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Common Gravestone Symbols and The Meaning Behind Them

Grave Symbols and Meanings

Graveyards such as Père-Lachaise in Paris, Highgate Cemetery in London or closer to home, Mount Auburn Cemetery in Boston or Riverside Cemetery right here in Colorado attract countless visitors every year drawn mostly to the astonishing variety of the memorials within. These may be no more than headstones or they may be monumental structures festooned with elaborate statuary. But one thing most have in common is the inclusion of perplexing symbols and iconography. In this post, we’re going to take a closer look at some of the more common gravestone symbols and the meaning behind them.

The Iconography of Headstones in Littleton Deciphered

Grave markers come in all shapes and sizes and many display what are to most people, perplexing symbols. Below we explain some of the most common symbols found on headstones for graves.

Ivy

The carving of an intricate ivy-covered headstone is neither easy nor cheap. Therefore you won’t see ivy on most gravestones. But when you do it is there to symbolize the triumph of God over death. The hardy, evergreen nature of this persistent vine is considered a perfect metaphor for God’s promise of life eternal.

Square and Compass

The square and compass are Masonic symbols that stand for the ability to use moral teachings as a measuring stick for behavior (the square), and the ability to establish control over what are considered to be base impulses (the compass). These two principles are the pillars of Masonic thought. Masonry is and has been widespread in the US so the Masonic square and compass are common sites in US graveyards. 15 US Presidents, including Washington, FDR and Gerald Ford were Masons.

Alpha and Omega

Alpha and Omega

In the Greek alphabet Alpha (Α) is the first letter and Omega (Ω) the last. For this reason, the two letters are often found together on gravestones symbolizing a person who has completed their earthly journey from beginning to end. Some people will include it for more overtly religious reasons, typically as a reference to Jesus’ description of himself as “the Alpha and Omega, the beginning and the end.”

The Urn

The use of the burial urn to hold the ashes of the deceased precedes burial rituals in many cultures. So it is no surprise that the urn would resonate deeply as a symbol of death and find its way onto many headstones. Many times an urn atop a headstone will be draped. In some cases, the cloth is intended to symbolically safeguard the remains of the deceased, while in other cases the cloth may represent the final barrier between life and death.

The Calla Lily

The calla lily is a beautiful flower which over the centuries has been assigned a multitude of symbolic meanings by people from different cultures. When you see it in a cemetery it is there as a nod to the ancient Greeks who used it to represent both death and eternal life. They also believed that if you cut a calla lily and placed the stem in water after a person died the flower was able to transport the soul to the great beyond.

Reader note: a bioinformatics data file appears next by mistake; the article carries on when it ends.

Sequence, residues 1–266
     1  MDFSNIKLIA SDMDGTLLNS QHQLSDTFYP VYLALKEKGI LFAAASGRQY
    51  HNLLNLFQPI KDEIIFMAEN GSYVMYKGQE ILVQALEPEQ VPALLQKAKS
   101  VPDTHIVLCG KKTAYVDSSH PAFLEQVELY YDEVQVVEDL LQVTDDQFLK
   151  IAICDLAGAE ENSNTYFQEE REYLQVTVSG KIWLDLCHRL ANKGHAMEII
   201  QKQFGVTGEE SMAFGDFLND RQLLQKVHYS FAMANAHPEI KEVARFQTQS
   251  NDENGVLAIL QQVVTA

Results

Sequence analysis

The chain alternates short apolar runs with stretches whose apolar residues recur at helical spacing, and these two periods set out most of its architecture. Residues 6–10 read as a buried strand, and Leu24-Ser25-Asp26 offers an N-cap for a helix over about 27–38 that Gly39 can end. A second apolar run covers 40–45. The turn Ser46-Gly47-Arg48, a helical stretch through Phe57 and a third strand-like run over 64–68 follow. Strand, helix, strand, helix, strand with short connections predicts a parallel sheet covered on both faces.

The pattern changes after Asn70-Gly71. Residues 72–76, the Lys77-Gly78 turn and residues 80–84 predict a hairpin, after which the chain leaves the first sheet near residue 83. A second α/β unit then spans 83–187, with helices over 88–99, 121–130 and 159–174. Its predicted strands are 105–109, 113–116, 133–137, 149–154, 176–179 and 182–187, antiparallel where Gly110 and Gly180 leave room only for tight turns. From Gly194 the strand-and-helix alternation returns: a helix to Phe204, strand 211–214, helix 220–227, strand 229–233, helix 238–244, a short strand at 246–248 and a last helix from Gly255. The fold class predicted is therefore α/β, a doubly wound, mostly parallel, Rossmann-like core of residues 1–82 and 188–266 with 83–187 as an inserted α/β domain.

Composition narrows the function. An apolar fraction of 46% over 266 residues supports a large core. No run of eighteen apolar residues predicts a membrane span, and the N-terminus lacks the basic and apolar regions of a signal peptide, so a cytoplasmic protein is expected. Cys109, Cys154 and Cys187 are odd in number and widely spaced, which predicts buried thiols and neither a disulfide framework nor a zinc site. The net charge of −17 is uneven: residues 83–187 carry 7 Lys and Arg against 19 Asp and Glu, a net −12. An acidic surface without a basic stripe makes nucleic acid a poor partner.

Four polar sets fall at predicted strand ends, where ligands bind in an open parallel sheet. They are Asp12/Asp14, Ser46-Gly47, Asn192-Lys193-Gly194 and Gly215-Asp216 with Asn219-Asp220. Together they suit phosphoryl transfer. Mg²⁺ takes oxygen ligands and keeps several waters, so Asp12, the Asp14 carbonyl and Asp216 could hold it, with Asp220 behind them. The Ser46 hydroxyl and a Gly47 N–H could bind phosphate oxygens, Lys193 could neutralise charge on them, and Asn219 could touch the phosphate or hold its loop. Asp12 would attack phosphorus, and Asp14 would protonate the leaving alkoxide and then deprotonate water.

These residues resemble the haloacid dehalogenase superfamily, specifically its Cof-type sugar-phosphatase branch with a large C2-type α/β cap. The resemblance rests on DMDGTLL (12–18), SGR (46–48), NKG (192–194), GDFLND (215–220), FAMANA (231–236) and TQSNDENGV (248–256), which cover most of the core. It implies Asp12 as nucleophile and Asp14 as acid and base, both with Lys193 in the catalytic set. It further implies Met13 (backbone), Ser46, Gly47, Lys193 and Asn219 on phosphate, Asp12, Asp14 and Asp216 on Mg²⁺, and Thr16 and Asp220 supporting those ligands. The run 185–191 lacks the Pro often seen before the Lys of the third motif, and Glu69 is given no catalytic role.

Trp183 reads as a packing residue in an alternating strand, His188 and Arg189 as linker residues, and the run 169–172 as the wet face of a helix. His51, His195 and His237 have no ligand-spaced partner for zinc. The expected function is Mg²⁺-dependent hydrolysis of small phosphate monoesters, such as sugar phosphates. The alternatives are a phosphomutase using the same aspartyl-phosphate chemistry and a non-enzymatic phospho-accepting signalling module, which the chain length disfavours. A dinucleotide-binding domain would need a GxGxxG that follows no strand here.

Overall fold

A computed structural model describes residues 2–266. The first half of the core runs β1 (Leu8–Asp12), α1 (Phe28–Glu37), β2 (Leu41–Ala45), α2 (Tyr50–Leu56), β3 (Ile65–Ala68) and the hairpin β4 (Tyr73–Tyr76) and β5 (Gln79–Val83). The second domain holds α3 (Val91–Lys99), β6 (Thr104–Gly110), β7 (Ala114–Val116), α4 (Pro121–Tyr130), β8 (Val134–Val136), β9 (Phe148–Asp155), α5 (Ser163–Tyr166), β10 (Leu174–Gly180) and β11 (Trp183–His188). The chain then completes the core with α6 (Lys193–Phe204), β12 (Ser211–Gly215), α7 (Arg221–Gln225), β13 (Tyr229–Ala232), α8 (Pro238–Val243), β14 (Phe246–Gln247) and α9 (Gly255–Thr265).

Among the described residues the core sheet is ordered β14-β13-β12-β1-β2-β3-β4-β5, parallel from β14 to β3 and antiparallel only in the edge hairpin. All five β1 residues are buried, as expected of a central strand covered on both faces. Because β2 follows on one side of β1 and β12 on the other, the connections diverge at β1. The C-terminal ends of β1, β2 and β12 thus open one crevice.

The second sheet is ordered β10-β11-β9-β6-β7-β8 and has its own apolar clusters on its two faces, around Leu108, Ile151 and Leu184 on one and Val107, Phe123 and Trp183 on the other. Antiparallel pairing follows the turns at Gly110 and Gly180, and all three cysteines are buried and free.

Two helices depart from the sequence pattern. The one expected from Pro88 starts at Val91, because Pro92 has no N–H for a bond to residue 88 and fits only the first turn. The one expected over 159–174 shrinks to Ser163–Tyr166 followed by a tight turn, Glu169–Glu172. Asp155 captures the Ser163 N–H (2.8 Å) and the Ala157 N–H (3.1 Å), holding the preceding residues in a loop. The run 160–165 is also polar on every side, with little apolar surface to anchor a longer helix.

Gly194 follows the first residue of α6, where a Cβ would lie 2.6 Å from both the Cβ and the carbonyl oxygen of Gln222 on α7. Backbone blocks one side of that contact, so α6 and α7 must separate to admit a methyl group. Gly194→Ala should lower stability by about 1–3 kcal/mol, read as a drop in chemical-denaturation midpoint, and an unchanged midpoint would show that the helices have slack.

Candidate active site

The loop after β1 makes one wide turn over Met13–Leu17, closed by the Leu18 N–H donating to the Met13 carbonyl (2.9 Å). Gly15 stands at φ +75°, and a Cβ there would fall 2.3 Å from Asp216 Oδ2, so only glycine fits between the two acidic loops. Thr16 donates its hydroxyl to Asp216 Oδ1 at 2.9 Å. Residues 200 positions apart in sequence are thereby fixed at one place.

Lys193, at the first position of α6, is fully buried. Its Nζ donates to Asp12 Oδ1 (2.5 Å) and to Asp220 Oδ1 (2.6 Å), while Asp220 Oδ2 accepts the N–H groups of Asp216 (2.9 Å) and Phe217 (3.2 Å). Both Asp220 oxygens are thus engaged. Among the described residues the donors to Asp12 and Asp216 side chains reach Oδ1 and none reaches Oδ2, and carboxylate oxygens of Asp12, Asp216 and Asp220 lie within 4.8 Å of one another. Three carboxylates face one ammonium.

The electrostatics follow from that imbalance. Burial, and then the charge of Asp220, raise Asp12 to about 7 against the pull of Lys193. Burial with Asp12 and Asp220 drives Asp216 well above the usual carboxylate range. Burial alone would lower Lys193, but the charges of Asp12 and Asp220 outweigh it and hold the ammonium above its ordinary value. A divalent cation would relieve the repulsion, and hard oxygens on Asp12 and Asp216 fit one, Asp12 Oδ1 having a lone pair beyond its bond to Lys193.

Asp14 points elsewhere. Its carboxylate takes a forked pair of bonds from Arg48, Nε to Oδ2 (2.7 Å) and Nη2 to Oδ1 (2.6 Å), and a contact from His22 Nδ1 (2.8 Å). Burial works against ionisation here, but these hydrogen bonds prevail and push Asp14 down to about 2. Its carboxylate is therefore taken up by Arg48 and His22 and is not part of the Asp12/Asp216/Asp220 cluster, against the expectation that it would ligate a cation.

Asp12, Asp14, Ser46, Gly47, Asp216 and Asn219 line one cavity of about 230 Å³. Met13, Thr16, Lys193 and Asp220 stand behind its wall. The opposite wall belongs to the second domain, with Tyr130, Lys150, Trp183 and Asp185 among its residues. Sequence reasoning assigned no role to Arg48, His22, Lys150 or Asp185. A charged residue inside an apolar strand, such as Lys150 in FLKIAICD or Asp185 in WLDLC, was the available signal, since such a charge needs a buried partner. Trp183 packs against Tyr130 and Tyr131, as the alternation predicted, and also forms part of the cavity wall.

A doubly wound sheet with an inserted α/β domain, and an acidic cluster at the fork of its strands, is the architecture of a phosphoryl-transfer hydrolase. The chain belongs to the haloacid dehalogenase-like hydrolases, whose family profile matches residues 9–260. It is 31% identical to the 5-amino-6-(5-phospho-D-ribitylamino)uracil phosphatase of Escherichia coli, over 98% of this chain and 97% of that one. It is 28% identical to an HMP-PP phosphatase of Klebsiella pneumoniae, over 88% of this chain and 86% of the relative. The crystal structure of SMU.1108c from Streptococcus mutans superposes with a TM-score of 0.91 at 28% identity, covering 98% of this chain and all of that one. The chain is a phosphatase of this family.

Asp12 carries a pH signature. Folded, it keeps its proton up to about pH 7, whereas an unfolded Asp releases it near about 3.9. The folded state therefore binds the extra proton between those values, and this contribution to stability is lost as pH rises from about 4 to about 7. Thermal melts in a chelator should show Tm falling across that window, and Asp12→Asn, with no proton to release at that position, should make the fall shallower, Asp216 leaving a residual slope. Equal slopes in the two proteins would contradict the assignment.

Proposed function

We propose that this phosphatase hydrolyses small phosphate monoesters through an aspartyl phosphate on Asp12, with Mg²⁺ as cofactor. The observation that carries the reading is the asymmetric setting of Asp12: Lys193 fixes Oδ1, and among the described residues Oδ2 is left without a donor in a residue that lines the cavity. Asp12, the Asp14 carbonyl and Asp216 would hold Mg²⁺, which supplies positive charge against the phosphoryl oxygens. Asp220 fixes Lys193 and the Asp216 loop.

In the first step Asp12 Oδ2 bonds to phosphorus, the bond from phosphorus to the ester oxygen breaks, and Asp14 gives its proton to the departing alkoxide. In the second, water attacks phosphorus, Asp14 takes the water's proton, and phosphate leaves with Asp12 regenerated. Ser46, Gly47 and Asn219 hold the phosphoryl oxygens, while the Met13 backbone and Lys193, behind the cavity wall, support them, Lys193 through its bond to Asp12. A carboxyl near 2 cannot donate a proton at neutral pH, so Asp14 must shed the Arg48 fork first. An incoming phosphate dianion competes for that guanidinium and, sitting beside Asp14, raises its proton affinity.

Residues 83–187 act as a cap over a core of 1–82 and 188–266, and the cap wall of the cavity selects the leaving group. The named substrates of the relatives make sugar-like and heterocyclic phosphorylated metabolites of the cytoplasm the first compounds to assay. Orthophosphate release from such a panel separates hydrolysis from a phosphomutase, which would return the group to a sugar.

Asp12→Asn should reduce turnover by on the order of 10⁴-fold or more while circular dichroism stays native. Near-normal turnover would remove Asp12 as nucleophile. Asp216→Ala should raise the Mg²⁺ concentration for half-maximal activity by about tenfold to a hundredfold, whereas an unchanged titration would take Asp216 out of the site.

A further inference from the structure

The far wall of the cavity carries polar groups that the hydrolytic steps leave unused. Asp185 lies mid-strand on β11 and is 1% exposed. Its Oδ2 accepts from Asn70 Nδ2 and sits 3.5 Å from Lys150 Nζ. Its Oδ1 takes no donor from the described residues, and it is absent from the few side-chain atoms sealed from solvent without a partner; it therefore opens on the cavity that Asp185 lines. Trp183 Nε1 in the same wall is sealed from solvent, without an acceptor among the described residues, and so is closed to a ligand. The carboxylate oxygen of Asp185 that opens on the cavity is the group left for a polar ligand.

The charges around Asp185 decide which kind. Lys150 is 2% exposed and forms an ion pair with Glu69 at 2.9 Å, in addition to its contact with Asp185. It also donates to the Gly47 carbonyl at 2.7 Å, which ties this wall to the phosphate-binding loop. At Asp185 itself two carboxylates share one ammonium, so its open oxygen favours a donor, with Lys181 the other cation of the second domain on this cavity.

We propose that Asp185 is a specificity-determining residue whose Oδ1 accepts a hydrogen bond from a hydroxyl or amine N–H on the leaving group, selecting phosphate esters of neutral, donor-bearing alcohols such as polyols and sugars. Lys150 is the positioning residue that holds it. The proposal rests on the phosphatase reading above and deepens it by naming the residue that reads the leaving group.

The Inverted Torch

The inverted torch is a symbol that can trace its origins directly back to ancient death rituals. Whereas the lit torch has since time immemorial symbolized life, the inverted torch symbol was created to denote the opposite: death, or the passing of the soul to the life beyond. The meaning is the same whether the inverted torch is lit or extinguished.

The Anchor

The anchor may have one of several meanings. In pre-Christian times it was a symbol of safety and security. During the Middle Ages, it came to symbolize God’s steadfast presence in a turbulent world. When you see anchors on headstones in Colorado it may mean that, or it may indicate the deceased earned their living from the sea or was a naval veteran. A broken chain attached to the anchor indicates death.

Elk’s Head

In the vast majority of cases the presence of an elk’s head on a gravestone indicates the deceased was a member of the Benevolent Protective Order of Elks, a social organization begun in New York in 1868 and based largely on the principles of Freemasonry; though with a decidedly more patriotic slant. The combination of the fact that the organization is over 150 years old and still boasts more than 1 million active members in the US means the Elk’s Head is a common symbol found in US cemeteries.

Intertwined D&R

Social organizations have historically played a huge role in helping various groups find common ground and work toward their common betterment. The Daughters of Rebekah was one such organization. The DoR was an offshoot of the much older Independent Order of Odd Fellows and admitted only women members. While membership is down from its late 1970s peak there are still tens of thousands of active members in North and South America and Europe. Common symbols denoting the resting place of a DoR member include the intertwined letters D and R, the crescent moon and the beehive.

Contact Mile High Memorials

For competitive headstone prices search for “headstones near me” or call Mile High Memorials. We offer compassionate support to grieving families while helping them honor the life and spirit of their loved ones. If you have particular symbolism you would like to include on a memorial simply let us know and our artisans will be happy to add it in a tasteful and timeless way to the marker.